Now I was able to get away with that because all I really needed from my crew was that they achieve or exceed the sales quotas I set for them.  “Lisa, all I need you to do is bring in $10,000/month, and not fart into the upholstery.  If you do that for me, I will be deeply grateful and give you one of those fabulous disposable ballpoint pens over there that I see you have your eye on.”

Making your system conducive to the psychological and emotional needs of your employees can be quite rewarding.  Whenever I was able to measure my team’s performance against one or another industry benchmark, they exceeded the benchmark, often simply burring it.

So very many myths about leadership involve the notion that key to it is charisma.  In my opinion that’s bunk.  Bunk in the precise sense that charisma can be key to one or another person’s success as a leader, but no more than average likeability is actually necessary.  Most of the people who write about leadership impress me as groupies, and groupies — much more than most folks — seem to be in awe of charisma.

In my experience, if you have solid persuasion skills (again, see the above link) people will convince themselves you are a charismatic devil.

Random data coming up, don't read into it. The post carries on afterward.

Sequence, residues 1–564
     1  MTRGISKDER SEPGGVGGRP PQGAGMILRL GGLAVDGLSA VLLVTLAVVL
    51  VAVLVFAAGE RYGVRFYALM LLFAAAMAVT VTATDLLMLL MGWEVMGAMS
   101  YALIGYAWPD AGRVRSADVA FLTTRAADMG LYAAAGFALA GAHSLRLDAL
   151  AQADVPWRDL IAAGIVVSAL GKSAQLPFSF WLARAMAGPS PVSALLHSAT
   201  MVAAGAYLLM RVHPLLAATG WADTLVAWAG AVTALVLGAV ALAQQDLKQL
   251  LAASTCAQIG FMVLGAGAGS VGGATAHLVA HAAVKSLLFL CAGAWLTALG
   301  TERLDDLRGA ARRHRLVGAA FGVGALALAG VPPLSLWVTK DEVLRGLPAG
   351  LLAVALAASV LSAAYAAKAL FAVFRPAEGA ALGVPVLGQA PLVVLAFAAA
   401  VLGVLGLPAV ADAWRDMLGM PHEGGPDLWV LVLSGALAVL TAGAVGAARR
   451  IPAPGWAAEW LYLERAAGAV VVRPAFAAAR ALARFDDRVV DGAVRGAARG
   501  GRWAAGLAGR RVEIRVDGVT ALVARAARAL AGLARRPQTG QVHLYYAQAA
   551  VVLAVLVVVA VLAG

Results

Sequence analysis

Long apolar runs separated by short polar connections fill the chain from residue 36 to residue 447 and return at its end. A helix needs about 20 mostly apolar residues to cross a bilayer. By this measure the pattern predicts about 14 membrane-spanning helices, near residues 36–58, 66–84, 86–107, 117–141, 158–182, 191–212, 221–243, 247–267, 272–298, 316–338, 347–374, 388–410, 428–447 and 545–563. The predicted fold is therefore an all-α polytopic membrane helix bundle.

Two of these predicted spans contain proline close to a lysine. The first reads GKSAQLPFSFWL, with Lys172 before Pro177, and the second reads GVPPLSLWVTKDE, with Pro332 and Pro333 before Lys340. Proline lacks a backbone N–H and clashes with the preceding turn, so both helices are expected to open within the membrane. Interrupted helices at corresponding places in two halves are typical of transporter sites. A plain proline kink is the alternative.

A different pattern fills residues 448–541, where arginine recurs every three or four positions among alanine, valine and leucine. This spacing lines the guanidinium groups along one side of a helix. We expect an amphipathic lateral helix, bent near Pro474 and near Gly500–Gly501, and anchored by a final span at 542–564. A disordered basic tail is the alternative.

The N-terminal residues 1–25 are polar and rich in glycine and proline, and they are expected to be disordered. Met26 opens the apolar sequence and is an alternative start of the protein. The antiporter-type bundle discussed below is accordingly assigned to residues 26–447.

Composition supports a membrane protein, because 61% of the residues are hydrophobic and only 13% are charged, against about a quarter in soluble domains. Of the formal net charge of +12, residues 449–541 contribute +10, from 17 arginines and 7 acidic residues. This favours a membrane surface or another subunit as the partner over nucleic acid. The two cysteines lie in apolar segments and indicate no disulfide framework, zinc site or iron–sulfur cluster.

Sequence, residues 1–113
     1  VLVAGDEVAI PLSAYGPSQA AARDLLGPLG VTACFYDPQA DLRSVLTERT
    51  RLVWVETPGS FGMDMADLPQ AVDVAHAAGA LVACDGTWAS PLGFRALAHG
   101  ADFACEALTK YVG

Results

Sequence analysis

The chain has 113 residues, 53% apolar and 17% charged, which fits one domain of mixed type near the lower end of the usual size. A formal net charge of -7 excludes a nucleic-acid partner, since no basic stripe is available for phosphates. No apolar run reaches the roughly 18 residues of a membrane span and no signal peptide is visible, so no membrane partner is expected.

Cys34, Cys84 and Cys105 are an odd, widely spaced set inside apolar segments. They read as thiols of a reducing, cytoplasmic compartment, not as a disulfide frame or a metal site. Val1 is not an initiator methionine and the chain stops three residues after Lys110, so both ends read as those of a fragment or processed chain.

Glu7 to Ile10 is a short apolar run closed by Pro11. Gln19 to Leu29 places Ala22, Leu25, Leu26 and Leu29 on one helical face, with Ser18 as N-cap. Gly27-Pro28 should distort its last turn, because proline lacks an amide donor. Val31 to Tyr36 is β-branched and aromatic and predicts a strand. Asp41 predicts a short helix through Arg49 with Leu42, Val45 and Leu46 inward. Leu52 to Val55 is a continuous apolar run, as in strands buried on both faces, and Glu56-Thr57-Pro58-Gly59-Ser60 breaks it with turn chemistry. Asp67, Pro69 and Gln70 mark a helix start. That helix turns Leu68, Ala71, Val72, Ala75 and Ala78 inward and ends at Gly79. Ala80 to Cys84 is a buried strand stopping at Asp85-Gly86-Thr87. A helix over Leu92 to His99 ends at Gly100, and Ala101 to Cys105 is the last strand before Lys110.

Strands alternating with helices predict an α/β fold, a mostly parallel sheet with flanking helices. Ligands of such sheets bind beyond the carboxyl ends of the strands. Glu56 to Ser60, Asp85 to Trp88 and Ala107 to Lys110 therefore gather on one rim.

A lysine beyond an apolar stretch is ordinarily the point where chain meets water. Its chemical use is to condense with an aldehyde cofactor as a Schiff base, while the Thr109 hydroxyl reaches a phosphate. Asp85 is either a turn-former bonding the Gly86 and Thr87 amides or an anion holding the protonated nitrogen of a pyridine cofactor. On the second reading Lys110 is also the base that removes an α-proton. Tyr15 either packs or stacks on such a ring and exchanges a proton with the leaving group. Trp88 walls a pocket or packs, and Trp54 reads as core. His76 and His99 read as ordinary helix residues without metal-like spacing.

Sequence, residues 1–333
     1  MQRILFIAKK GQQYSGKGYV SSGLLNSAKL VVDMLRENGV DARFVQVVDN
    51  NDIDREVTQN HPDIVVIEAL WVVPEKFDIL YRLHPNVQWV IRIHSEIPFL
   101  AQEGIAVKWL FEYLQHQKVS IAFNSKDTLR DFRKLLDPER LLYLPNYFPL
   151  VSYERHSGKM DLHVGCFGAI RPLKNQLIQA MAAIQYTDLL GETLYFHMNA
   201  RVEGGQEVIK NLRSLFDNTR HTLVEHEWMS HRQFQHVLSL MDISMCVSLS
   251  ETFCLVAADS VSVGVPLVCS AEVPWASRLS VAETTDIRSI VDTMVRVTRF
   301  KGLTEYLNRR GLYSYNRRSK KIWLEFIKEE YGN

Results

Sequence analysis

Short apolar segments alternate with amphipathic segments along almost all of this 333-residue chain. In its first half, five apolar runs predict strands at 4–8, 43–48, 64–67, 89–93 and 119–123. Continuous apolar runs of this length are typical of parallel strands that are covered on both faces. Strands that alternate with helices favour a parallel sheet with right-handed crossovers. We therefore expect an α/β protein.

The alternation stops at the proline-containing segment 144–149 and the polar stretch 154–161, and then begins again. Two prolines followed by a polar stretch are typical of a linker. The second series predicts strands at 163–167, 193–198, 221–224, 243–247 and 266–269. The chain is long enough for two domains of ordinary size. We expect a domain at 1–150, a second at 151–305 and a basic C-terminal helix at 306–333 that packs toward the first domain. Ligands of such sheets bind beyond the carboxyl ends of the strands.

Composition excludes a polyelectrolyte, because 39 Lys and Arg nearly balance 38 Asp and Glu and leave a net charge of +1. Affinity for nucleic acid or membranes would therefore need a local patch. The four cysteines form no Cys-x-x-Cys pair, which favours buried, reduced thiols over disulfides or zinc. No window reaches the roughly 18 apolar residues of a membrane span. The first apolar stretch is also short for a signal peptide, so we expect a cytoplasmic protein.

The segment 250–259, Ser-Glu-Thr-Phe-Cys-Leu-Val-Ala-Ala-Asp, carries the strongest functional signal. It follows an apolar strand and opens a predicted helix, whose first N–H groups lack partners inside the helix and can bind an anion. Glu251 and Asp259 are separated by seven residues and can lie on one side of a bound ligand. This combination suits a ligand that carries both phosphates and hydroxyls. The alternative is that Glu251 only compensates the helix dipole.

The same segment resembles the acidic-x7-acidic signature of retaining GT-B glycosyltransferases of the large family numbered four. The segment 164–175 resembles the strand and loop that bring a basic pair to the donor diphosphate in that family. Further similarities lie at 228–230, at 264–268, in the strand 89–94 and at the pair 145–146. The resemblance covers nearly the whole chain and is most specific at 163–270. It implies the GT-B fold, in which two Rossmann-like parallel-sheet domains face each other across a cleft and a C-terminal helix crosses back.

To summarize the key points now:

First, consider that you can decisively motivate people through both power and persuasion, but persuasion seems to be always the best choice except in extreme circumstances.

Second, consider that your attitude should be to serve your employees, rather than to have them serve you, and that you should take that into account when designing your system.

Last, consider that it might be best to hone your persuasive skills rather than try to enhance your charisma.

By no means have I attempted here to provide you with anything more than a starters guide to leadership.  Volumes have been left out of this essay.  But I do hope you find what I have included to be either entertaining or actually useful.

Questions?  Comments?